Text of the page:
Researchers with the 5 Gyres Last Straw Plastic Pollution Bike Tour stopped off in Wilmington on Nov. 1 to educate the public about the growing problem of plastic pollution in the world’s oceans.
Bonnie Monteleone, graduate student at University of North Carolina Wilmington and blogger for Plastic Ocean said, “We take petroleum, which is a finite resource, and turn it into something that can take thousands of years to decompose. It’s not sustainable and it’s doing damage.”
Wilmington was stop number 14 on the 1,400-mile bike tour. The tour began on Oct. 3 in Boston, Mass., and will end in Charleston, S.C.
Its stop in Wilmington included a jam session in the UNCW amphitheater with local artist Jason Andre, a creek and bike trail cleanup that began at Tidal Creek Co-Op, and an educational presentation about its journeys and the problem of plastic pollution, which was also held at UNCW.
“We travel and share our experiences in the hopes that it will inspire people to make a difference in their communities,” said Carolynn Box, one of the five researchers who stopped in Wilmington.
The name 5 Gyres refers to vortexes that exist in all five of the world’s oceans. These gyres are created where opposing trade winds meet, and can trap pollution in large pockets. 5 Gyres deals specifically with plastic pollution in and around these gyres, and has undertaken nine oceanic voyages and one in the Great Lakes to study the extent to which it is a problem.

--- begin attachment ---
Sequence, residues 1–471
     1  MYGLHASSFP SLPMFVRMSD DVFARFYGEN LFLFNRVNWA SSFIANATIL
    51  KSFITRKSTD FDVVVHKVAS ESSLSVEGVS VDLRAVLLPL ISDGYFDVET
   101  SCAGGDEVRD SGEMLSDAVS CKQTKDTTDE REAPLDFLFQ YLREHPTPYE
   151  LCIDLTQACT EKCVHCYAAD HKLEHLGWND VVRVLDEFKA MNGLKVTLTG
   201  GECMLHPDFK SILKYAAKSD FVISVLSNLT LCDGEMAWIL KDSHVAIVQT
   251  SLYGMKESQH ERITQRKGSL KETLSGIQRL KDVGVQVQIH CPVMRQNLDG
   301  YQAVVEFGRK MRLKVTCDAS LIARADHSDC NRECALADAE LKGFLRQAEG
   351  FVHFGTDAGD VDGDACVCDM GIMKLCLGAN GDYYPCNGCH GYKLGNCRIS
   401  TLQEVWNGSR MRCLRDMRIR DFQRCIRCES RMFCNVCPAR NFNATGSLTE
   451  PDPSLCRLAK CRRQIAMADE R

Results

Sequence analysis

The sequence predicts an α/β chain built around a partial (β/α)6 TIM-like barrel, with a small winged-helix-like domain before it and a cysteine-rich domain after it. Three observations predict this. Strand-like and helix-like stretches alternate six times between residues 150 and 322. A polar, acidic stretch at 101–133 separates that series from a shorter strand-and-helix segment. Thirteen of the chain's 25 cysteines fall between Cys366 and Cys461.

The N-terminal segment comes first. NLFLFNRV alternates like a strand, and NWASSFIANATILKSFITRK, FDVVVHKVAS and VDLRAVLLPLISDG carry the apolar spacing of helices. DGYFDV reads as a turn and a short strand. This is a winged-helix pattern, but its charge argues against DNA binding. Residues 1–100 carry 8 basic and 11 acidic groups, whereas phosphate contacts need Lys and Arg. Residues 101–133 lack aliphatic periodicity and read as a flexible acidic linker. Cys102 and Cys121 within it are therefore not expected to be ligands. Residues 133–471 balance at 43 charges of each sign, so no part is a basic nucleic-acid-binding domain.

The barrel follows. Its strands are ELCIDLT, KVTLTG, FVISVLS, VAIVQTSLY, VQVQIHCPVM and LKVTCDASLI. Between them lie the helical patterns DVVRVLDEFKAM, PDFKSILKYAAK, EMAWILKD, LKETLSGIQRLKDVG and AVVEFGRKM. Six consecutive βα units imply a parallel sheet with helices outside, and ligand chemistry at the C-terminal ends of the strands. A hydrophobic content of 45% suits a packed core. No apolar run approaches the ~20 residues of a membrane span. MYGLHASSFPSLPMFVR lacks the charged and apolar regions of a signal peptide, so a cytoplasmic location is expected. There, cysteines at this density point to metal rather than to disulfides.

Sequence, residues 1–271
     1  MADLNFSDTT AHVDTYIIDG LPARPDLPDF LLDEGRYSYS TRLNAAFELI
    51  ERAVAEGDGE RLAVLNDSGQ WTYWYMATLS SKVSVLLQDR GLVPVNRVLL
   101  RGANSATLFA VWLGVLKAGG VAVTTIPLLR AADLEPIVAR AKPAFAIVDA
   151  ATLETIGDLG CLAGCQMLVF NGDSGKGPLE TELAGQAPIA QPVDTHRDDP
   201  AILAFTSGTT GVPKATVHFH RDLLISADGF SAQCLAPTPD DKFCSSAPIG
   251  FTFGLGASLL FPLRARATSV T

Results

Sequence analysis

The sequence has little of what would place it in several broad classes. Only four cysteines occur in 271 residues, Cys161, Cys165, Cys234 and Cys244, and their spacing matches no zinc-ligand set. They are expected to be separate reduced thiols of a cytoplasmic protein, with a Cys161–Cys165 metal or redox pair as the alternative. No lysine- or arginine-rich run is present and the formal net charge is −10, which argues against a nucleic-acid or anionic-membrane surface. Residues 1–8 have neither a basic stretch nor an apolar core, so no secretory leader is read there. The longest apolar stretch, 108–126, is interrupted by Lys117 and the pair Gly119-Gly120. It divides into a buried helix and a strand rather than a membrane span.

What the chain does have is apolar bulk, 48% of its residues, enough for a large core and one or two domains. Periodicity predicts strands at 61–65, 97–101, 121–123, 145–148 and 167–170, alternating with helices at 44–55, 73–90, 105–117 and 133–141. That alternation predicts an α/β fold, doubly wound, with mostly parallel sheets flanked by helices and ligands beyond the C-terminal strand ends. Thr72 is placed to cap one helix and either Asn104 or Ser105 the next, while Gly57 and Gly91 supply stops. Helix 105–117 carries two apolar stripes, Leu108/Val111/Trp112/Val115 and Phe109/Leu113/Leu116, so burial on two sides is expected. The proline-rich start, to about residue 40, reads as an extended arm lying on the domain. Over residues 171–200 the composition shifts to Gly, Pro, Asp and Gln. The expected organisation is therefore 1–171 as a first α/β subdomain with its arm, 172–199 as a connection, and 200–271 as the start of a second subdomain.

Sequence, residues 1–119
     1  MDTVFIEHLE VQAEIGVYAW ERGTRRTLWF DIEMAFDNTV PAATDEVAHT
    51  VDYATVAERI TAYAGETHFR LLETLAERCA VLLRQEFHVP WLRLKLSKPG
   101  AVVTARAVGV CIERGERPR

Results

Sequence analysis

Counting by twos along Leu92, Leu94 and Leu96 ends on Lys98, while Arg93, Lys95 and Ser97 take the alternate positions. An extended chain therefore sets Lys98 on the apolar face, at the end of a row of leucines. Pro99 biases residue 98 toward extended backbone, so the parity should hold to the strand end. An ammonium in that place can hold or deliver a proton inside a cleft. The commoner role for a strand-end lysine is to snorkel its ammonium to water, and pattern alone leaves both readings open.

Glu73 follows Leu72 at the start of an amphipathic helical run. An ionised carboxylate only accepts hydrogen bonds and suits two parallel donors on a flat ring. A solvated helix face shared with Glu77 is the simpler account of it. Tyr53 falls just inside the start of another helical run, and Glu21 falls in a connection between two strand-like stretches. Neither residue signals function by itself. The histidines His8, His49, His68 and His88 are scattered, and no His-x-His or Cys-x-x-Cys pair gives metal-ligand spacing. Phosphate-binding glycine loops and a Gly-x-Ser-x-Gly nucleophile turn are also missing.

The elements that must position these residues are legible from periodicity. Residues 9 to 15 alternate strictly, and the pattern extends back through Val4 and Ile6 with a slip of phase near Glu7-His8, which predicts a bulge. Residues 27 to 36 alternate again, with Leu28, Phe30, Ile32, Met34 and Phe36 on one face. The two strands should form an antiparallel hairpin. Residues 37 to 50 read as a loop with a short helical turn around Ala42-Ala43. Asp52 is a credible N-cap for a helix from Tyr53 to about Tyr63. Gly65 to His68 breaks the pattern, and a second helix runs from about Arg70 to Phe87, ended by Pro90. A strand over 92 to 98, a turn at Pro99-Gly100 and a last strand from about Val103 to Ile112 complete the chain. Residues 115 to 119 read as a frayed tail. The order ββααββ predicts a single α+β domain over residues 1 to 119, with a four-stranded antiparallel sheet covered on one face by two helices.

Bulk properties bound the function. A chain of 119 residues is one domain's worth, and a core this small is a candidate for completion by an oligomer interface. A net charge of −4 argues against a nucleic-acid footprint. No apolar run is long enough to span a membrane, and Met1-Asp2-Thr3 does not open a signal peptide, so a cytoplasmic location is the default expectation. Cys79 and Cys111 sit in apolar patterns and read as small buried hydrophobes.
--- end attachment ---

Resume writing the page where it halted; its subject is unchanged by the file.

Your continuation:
“Many people know about the Great Pacific Garbage Ring,” Monteleone said, “but there are now smaller ones in all five of the world’s oceans.”
The most recent oceanic voyage undertaken by 5 Gyres sailed the Sea Dragon, its 72-foot racing sailboat turned research vessel, from Bermuda to the Azores and across the Sargasso Sea. The Sargasso Sea is located in the heart of the North Atlantic Gyre, and accumulates large clumps of Sargassum weed. The clumps are important feeding and breeding grounds for a variety of aquatic species. The voyage taken through the North Atlantic showed these clumps were also trapping large amounts of plastic, which has been a detriment to area marine life.
5 Gyres believes that choices made by individuals can help fix the problem.
“Personal choices can go a long way,” Box said. “Use a reusable water bottle and coffee mug.Bring reusable bags to the grocery store. If you want to take it a step further, carry your own silverware with you.”